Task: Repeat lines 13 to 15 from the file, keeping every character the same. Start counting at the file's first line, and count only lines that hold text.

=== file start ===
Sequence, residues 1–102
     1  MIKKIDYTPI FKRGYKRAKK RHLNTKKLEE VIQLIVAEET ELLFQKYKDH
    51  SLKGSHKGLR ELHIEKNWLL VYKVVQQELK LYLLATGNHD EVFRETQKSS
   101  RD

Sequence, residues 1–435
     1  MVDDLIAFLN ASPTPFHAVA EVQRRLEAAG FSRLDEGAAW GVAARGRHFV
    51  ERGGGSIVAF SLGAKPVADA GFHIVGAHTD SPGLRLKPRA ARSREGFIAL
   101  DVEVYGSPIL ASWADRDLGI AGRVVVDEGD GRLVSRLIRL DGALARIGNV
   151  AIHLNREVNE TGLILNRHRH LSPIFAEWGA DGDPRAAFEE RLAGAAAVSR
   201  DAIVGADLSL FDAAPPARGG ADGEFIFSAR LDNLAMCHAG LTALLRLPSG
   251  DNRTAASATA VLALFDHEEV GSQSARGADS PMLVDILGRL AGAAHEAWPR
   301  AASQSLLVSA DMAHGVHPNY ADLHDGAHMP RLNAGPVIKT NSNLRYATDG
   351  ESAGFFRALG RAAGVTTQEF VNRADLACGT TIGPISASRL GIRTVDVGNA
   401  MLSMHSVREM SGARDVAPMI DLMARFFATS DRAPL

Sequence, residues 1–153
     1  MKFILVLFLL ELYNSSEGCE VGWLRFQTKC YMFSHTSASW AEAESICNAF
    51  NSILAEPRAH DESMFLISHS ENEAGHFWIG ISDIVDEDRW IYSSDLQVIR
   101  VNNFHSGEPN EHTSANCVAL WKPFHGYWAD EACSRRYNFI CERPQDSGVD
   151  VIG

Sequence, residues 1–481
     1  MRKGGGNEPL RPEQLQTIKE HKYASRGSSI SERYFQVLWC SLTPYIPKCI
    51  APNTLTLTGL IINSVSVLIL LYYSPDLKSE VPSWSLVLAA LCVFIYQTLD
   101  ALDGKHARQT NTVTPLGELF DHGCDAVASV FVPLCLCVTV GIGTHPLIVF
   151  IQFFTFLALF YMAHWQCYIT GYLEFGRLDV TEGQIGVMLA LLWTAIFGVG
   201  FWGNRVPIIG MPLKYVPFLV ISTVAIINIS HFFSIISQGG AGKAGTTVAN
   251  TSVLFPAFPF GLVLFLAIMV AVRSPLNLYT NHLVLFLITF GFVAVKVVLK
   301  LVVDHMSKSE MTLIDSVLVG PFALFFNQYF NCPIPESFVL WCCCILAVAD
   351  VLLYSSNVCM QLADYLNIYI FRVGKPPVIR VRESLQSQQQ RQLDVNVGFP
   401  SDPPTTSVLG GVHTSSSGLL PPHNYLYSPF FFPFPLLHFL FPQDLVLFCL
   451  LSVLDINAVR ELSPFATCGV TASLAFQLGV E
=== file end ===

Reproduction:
   351  ESAGFFRALG RAAGVTTQEF VNRADLACGT TIGPISASRL GIRTVDVGNA
   401  MLSMHSVREM SGARDVAPMI DLMARFFATS DRAPL

Sequence, residues 1–153